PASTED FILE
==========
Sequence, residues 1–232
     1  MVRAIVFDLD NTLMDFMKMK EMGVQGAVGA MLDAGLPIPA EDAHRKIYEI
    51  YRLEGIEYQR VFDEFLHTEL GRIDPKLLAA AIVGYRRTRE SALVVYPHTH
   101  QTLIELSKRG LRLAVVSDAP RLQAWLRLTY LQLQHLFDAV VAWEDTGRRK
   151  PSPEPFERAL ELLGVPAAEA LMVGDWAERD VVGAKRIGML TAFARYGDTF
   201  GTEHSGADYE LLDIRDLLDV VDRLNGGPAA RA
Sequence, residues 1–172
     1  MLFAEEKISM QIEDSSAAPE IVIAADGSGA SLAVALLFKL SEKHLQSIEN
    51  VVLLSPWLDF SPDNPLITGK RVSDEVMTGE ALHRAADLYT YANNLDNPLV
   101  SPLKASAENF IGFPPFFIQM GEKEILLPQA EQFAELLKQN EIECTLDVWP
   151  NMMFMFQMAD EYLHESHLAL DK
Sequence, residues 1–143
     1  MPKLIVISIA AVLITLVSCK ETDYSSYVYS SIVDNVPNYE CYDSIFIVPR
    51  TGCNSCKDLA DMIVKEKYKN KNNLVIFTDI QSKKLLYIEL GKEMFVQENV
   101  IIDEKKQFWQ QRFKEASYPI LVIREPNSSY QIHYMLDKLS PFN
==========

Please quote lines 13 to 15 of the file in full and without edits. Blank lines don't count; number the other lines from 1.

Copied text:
     1  MPKLIVISIA AVLITLVSCK ETDYSSYVYS SIVDNVPNYE CYDSIFIVPR
    51  TGCNSCKDLA DMIVKEKYKN KNNLVIFTDI QSKKLLYIEL GKEMFVQENV
   101  IIDEKKQFWQ QRFKEASYPI LVIREPNSSY QIHYMLDKLS PFN